location. Park wrote back that it was his understanding that Chevron was “held liable” for any contamination, that the site was tested annually and reports were sent to Chevron, and to his knowledge the land had “passed all tests and is free of contamination.” Larson testified she never received copies of any county inspection reports, and she reported to the Board that Park had told her the property was free of contamination. She did not pursue the matter any further with Chevron or Anderson.
On August 11, 2003, Larson presented the proposed gift of the property to the board, in the presence of Foundation’s then president Tim Anderson, along with directors Belnap, Savage, Whitehead, Hirschi, Lovell, and Adams. Discussion occurred about the “risks involved in receiving property used as a service station,” and protecting Foundation from liability, including obtaining an insurance policy or creating a subsidiary organization “to accept high-risk gifts.” Director Hirschi moved to “proceed with haste to finalize and exact the gift” and the board unanimously voted in favor of the motion. Later that month, the defendant directors again met (with Savage and Wilkinson absent) and Hirschi was tasked with looking into obtaining liability or pollution insurance.
Hirschi admitted in his deposition that he and Foundation knew the property had been contaminated via Chevron documents provided by Park to Larson. He testified that in July 2003, the board expressed concern specifically about liability Foundation might acquire in connection with a leaking underground tank. Hirschi specifically expressed to the board his concern about whether Foundation would incur liability if it were in the chain of title. He began contacting insurance brokers, and acknowledged to one that the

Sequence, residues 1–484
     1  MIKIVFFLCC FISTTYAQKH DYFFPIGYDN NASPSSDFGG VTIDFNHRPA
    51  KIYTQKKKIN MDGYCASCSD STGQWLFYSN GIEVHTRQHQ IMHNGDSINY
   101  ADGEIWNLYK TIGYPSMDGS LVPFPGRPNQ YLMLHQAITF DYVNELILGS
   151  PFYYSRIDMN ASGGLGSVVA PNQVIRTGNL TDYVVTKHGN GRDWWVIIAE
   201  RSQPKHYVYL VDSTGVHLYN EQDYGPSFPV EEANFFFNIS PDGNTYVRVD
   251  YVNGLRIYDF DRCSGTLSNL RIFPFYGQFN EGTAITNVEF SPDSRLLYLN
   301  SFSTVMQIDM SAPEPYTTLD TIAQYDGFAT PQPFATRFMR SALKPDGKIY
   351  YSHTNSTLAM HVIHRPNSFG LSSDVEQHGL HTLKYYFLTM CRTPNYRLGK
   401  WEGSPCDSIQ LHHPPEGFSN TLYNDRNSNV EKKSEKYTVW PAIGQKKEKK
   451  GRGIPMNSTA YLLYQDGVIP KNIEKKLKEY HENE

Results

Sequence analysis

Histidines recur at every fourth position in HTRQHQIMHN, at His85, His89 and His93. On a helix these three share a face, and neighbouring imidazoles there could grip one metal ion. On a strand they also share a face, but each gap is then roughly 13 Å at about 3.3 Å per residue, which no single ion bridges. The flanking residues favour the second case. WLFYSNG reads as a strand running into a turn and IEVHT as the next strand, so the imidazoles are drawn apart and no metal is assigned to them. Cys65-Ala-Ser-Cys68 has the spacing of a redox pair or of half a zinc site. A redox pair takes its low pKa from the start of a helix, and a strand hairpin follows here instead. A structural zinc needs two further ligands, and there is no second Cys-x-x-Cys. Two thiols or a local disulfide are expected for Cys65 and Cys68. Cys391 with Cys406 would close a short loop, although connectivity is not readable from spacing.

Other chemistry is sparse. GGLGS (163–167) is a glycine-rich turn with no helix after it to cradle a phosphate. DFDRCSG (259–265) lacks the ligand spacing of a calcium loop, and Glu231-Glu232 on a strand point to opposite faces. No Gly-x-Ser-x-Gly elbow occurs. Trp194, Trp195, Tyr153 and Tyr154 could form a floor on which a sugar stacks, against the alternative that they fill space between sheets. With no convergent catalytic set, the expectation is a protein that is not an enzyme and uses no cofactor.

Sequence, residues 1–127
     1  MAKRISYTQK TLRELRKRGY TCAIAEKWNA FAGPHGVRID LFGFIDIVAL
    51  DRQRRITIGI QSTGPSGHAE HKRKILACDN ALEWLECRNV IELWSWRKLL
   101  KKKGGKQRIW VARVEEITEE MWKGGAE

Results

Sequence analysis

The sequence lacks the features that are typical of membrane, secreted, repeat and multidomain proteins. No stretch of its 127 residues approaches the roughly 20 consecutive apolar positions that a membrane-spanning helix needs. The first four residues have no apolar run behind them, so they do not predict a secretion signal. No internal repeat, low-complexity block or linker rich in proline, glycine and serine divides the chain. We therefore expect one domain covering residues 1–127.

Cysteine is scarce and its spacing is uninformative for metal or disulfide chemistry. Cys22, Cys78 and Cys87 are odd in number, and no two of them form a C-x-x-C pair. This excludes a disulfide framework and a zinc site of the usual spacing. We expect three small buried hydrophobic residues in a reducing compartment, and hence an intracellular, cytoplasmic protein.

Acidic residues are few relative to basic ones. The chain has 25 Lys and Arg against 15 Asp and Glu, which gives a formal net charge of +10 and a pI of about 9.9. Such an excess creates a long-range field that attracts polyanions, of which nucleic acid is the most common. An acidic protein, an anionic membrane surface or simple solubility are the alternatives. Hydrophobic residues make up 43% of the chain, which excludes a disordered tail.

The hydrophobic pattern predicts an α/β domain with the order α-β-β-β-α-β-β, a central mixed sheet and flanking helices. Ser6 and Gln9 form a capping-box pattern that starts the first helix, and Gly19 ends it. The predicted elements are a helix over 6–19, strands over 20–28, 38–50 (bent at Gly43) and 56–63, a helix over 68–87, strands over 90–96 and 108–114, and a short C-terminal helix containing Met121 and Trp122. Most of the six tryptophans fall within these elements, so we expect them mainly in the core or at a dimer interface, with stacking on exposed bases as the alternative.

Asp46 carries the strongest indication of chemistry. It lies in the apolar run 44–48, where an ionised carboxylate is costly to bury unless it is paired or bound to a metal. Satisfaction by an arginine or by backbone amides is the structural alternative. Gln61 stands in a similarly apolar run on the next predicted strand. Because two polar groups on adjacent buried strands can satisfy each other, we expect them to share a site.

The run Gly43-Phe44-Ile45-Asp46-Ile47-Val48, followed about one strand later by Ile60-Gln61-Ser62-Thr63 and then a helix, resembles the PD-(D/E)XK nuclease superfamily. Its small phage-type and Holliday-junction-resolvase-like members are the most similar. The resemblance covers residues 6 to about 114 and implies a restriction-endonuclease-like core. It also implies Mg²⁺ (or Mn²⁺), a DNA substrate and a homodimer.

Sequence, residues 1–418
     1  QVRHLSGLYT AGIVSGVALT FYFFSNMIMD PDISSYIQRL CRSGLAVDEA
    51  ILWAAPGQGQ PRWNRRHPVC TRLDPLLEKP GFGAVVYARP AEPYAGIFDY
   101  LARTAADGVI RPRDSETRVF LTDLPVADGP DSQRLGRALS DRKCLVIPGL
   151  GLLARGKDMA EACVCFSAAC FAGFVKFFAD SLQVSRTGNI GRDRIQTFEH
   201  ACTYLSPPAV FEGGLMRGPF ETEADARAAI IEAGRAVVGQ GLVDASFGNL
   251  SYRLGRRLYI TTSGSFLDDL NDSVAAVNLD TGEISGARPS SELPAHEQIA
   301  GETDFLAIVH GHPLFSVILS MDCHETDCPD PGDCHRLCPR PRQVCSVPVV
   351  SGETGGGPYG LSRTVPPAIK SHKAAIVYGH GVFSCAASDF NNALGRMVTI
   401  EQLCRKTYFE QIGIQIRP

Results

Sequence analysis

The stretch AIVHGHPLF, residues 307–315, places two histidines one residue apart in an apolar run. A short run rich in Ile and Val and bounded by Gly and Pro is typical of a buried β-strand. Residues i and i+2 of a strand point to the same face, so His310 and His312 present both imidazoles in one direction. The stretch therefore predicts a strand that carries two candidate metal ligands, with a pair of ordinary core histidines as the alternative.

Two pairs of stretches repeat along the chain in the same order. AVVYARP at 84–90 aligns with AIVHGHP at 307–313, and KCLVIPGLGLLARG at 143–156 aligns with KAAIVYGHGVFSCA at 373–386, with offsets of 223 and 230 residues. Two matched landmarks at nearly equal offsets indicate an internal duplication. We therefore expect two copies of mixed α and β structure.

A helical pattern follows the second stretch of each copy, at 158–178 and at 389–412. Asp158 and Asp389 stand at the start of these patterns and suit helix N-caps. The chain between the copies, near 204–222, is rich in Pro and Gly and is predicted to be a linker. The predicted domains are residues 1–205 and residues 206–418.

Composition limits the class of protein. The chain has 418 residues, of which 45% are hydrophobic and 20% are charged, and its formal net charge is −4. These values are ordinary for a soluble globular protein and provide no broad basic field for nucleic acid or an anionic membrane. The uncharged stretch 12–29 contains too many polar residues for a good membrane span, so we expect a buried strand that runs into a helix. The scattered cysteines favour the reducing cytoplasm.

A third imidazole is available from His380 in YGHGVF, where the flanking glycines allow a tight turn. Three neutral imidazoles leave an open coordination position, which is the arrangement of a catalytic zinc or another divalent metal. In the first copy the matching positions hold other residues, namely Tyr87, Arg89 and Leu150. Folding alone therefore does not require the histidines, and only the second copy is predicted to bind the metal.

underground storage tanks on the property had been replaced in 1996 and that the entire system had been “reviewed regularly” since then. However, Hirschi believed there were no current problems with the property since Park had told him that the contamination had been removed. Nevertheless, he felt it prudent to continue to investigate the possibility of Foundation’s liability from his prior experience with underground storage tanks. He called the “California Department of Environmental Quality” and inquired with a division about the property. According to Hirschi, at some point between July 2003 and February 2004, he was told by a state representative that the property had been properly mitigated and was no longer a threat for leaking underground storage tanks. He stated that the representative told him that her agency had overseen the mitigation, and he understood that the proper documentation had been created and filed to certify that fact. He did not contact Chevron to determine the status of any contamination or cleanup, since he felt he had all of the information he needed from the state.
In September 2003, Hirschi continued pursuing a quote from the insurance broker, telling him he hoped Foundation could purchase a policy that covered the short period of time it was to own the property with perpetual tail insurance. The broker gave Hirschi an extensive application in part requiring Foundation to state whether the property had underground storage tanks and whether they were in compliance with U.S. Environmental Protection Agency standards for leak detection, overflow protection, and corrosion protection, and also whether there were any groundwater monitoring activities at the location. Hirschi sought Larson’s help in filling out the application, though Larson did not recall doing anything with it.